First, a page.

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18. When the interest of $365 for 3 years, is $82,13, what will be the interest for $8940, for 21 years?

Ans. $1340. 19. £16 - 18s pays 16 men for 8 day's labour, what will pay 32 mer for 24 day's labour?

Ans. £101 - S. 20. B. saw the flash of a gun 1 minute 8 seconds, before he heard the report, what was the distance between them?

Ans. 13m 5fur 170yds. 21. A. bought 64 beeves at $50 a head; expense to market, $20; killing $33.33; salt, $26.67; barrels and storage, $50, and he would gain $654 on the whole; at what rate must be sell 27 of the beeves in barrels?

Ans. 1680.75. GRAMMAR.-LESSON 20. Promiscuous Exercises in Parsing Prose. Sobriety of life is one of those virtues, which carries with it, its own recommendation. Moderation, vigilance and temperance, are high and binding duties. Time robs us of all our possessions, except a quiet conscience. Let not the injuries of man overcome your fortitude; your acts of kindness may qverbalance them. The cheering hope of a better world, enables us to bear the trials of this, with a better grace. The highest wrongs and rankest troubles, which fall to the lot of man, may be traced to the love of wealth, of power, or of vain glory. Contentment is the inmate of but few families.

SPELLING.--LESSON 21. un-coil ún-koil un-load un-löde' un-tie ūn-ti' un-couth un-kööth' un-lock ŭn-lõk' un-tread ún-trěd' un-curl un-kúrl' un-meant in-mừnt un-true in-troộ? un-deck ŭn-děk' un-mixt ún-mikst' un-veil ún-vāle' un-do ún-dôô' un-mould ún-möld un-well ún-wěl un-done ún-dūn' un-nerve ún-něry' un-wise ăn-wize un-dress un-dres un-pack ũn-pak un-wrung ăn-rùng un-due ún-dû' un-paid ún-pāde' un-bear ūn-báre' un-firm ún-fěrm' un-reave un-rēve' un-braid ún-bräde' un-fix ún-fiks' un-rol un-röle un-cast ún-kăst' un-fought ăn-fawt unsaid Du-sed un-hoard un-hõrd' un-gain ún-gāne' un-seal ún-sēle'

up-on up-põn' un-glue ún-glū un-slain un-släne up-raise up-raze un-heard un-hěrd' un-sought ủn-sawt' up-rear up-rēre un-hinge ủn-hinje' un-sown ún-şõne' up-rise up-rize' un-kind un-kyind un-staid un-stade up-rouse up-rouze un-known ún-none' un-struck ūn-strúk' well-born wěl-bòrn' un-lace ún-lāse' un-sure ún-shüre well-bred wěl-bred un-latch ăn-lătsh? un-taught in-tâw well-met wöl-mét lin-learn úa-lern' un-teach un-tētsh' with-all wit'h-all in-less ún-les' un-thread ún-t'hrěd' your self your-sell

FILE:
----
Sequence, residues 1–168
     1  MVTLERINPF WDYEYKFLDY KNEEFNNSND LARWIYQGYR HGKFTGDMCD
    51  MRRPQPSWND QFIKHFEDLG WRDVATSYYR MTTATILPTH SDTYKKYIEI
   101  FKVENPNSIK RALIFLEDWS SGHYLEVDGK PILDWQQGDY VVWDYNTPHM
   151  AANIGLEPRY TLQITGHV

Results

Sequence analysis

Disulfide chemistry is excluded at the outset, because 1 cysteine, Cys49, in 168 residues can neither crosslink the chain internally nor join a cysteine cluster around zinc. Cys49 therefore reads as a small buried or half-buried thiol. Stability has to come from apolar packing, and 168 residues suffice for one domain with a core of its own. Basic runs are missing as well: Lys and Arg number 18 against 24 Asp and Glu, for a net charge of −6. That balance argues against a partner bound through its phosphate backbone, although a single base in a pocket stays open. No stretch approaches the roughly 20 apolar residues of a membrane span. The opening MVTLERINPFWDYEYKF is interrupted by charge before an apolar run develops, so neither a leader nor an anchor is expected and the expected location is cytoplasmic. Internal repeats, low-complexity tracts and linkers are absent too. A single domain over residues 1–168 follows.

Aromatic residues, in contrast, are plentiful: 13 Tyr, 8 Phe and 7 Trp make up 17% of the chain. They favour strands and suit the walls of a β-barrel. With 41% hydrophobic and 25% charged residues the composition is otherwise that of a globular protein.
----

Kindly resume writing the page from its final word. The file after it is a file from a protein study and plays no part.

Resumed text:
READING.LESSON 22. 7. Time pointed to a city', vast';

'Twas splendid', rich', and bright";
I saw his years fly swiftly past',

And on that city light'.
8. He bade me see the lightning's flash',

And then turn round again';
I turn'd', and', loʻ! the spring-rains waslı

A wild and trackless plain'.
9. He pointed to a lovely maid',

In youth's alluring bloom';
He pass’d'; I saw her beauty fade',

And she sunk to the tombs
10. He shook him in the northern blast';

Threw back his hoary hair';
Then, one stern look upon me cast',
And took his flight in air'.

ARITHMETIC.-LESSON 23. Exercises in Single and Double Proportion. 22. A. lent $75 for 8 months, and received $79, what was the rate per cent. per annum?

Ans. 8 per. cent. 23. B's. 7 men can reap 84 acres of wheat in 12 days; how many can reap 100 acres in 5 days at the same rate?

Ans. 20. 24. C. borrowed'185 quarters of corn when the price was 19s. how much must he pay when the corn is 17s. Ad?

Ans. 203 nearly 25. D's parlour is 30 feet long, and 18 feet wide, how many yards of carpeting, half a yard wide will cover it?

Ans. 120 yds. 26. 800 men are shut up, with food for two months, how many must depart that this lood may last five months?

Ans. 480. 27. E's cistern has 4 taps; the 1st will empty it in 10 minutes; the 2d, in 20; the 3d, in 40; and the 4th, in 80 minutes; in what time will all of them empty it?

Ans. 5.33.

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EXERCISES IN PARSING.--LESSON 24. Few have made any great figure in the literary world, who, in early life, did not give some evidence of a love of books. The boy that loves his school, his books, bis teacher, and his duty, and that seeks knowledge from the innate love which he bears to it; and that is lead in the right path, can, must, and will rise to greatness upon the strength of his own genius. In every station of life, such a boy, as he advances toward maturity and usefulness, will acquire solid reputation. On the farm, by the counter, at the bar, in the field, the senate, or the pulpit, in the arts, on the ocean, or in the shades of retirement, he can, he must, he will rise; he will be useful, bonoured and happy.

CHAPTER 25.

SPELLING.-I.ESSON 1. Words of two syllables; Accent on the first, Vowels long, a-ble à'ol